By Glen Murphy, NZTE Regional Director, China
Those of us who have been pushed out of the way in a Shanghai supermarket by fellow shoppers will know what it’s like to be treated as if you’re not even there. Yet how does that situation gel with the incredible acts of generosity I’ve experienced from Chinese friends going out of their way to look after me?
In the reverse, Chinese think we Westerners are far too nice to strangers and nowhere near nice enough to our friends and family.
It’s not that hard to understand the criticism - some of the people I respect most in the world probably only know that because I’m happy to give them a hard time over a beer. As a Kiwi male I know I’m often guilty of taking my friends for granted whereas I’d happily invite people I’ve just met to come home for a barbecue.
In our culture, particularly Kiwi male culture, overt efforts to cement existing friendships are traditionally seen as unnecessary, possibly even sycophantic and embarrassing - so we do tend to take our friends for granted while happily extending Kiwi hospitality to people we’ve just met.
Adjusting our approach
I reflected on these differences in New Zealand and Chinese thinking during the recent Prime Ministerial visit to China. Some of the tone from New Zealand commentators prior to the trip suggested a collective Kiwi cringe that our political leaders were making such an obvious effort to maintain and build our relationship with Chinese leaders.
However, I sense that following the clear success of the visit many commentators have gained some understanding of the importance of adjusting our approach for partners who expect something different.
Good news too that there are signs our business leaders are following the lead of government and starting to adjust their approach to China. The first event the Prime Minister attended in Beijing was to witness the signing of a joint venture agreement between Pacific Aerospace (PAL) and the Beijing Automotive Group (BAG).
A couple of months ago, NZTE Customer Manager Peter Smyth took me to visit PAL’s factory on the fringe of Hamilton airport – a single hangar producing 12-15 small planes each year.
Two months later I’m standing inside BAG’s glistening headquarters (built in the shape of a car and housing 3,000 people) in the middle of an industrial park where BAG pumps out 1.6 million cars a year and I’m witnessing these two companies agree to work together.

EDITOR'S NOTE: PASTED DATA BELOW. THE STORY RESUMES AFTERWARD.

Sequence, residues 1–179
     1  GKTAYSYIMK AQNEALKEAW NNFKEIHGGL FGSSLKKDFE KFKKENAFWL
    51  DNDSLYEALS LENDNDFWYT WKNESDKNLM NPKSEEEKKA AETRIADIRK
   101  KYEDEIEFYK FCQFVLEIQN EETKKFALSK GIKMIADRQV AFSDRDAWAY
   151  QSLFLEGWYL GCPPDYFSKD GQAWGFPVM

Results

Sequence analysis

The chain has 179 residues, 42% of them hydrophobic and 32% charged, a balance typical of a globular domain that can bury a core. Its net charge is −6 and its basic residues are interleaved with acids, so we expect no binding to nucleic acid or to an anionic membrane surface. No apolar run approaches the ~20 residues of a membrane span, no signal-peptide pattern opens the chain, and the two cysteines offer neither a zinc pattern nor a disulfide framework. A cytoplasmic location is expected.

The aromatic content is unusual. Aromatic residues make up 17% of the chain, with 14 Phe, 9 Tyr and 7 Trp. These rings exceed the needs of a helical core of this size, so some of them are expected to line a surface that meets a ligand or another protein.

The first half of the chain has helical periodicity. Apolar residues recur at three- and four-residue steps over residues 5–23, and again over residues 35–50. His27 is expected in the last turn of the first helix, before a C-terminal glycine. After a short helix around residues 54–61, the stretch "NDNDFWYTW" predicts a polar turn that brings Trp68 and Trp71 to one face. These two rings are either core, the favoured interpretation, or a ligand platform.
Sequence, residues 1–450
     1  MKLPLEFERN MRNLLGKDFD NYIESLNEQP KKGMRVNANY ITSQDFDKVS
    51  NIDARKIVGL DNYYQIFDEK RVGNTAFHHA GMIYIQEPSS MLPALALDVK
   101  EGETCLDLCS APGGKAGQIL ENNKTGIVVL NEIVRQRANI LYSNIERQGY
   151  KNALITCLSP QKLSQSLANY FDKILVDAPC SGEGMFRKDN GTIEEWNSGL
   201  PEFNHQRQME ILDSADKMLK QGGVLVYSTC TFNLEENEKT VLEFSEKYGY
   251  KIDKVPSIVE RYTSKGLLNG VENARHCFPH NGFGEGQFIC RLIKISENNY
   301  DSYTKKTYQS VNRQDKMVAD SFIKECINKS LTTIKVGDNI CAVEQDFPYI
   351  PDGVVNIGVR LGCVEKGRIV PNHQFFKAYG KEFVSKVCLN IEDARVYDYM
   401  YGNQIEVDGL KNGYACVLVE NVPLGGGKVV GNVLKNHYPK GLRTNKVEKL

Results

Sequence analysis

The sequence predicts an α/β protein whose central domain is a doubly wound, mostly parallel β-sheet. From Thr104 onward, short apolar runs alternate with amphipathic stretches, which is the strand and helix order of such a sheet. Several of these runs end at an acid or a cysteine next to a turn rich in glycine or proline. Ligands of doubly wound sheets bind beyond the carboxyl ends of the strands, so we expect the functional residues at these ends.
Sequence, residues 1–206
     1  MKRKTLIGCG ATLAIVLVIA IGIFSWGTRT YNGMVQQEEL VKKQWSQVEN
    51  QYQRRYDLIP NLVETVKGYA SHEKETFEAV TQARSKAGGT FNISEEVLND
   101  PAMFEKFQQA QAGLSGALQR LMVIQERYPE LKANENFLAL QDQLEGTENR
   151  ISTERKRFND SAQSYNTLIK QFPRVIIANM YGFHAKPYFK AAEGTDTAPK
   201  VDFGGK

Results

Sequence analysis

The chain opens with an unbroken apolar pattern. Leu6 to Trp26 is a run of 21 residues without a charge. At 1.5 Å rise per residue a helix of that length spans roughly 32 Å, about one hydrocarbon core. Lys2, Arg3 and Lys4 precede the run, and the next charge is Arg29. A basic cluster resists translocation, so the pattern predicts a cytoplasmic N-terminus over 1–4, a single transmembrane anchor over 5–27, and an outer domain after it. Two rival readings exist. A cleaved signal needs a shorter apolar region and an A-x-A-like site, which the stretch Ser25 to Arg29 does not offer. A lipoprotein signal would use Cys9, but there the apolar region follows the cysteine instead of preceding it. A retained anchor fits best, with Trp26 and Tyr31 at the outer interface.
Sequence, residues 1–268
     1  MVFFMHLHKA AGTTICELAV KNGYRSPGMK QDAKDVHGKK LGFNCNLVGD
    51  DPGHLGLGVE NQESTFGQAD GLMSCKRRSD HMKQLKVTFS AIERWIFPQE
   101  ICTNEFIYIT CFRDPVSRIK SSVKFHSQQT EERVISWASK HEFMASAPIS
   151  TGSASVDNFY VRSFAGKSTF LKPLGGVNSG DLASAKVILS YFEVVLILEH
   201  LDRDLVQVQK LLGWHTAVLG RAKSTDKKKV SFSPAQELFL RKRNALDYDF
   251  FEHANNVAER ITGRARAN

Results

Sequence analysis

How does this happen? I’m happy to say that in PAL's case it does not appear to have happened by accident.
PAL’s owners have spent years building relationships in China to gain an understanding of the structure and future potential of the market. The agreement they have with BAG came about because PAL decided that was the company they wanted to partner with and they proactively went about building relationships with their leaders - visiting them in China many times and hosting them in their homes in New Zealand.
This agreement took years of hard work and a proactive approach to building deep relationships.
The leaders at PAL are also smart enough to know that they have now simply taken some steps through a long journey, the relationships they have and the agreements they’ve just signed provide no guarantee of future success. They know they will have to keep working hard at their business and at the relationships that have gotten them this far. They’ve set a great platform though and I wish them every success.
These recent examples from our political leaders and from some of our business leaders demonstrate how in China working hard to maintain a good relationship with the people you want to work with is not viewed as sycophantic or ingratiating - it’s expected as part of doing good business.
As Kiwis we can continue giving our Kiwi friends a hard time, we should continue being open and courteous to strangers but we’ve also got to know how to adjust our approach when we need to. It’s good business.
Apr 14, 2014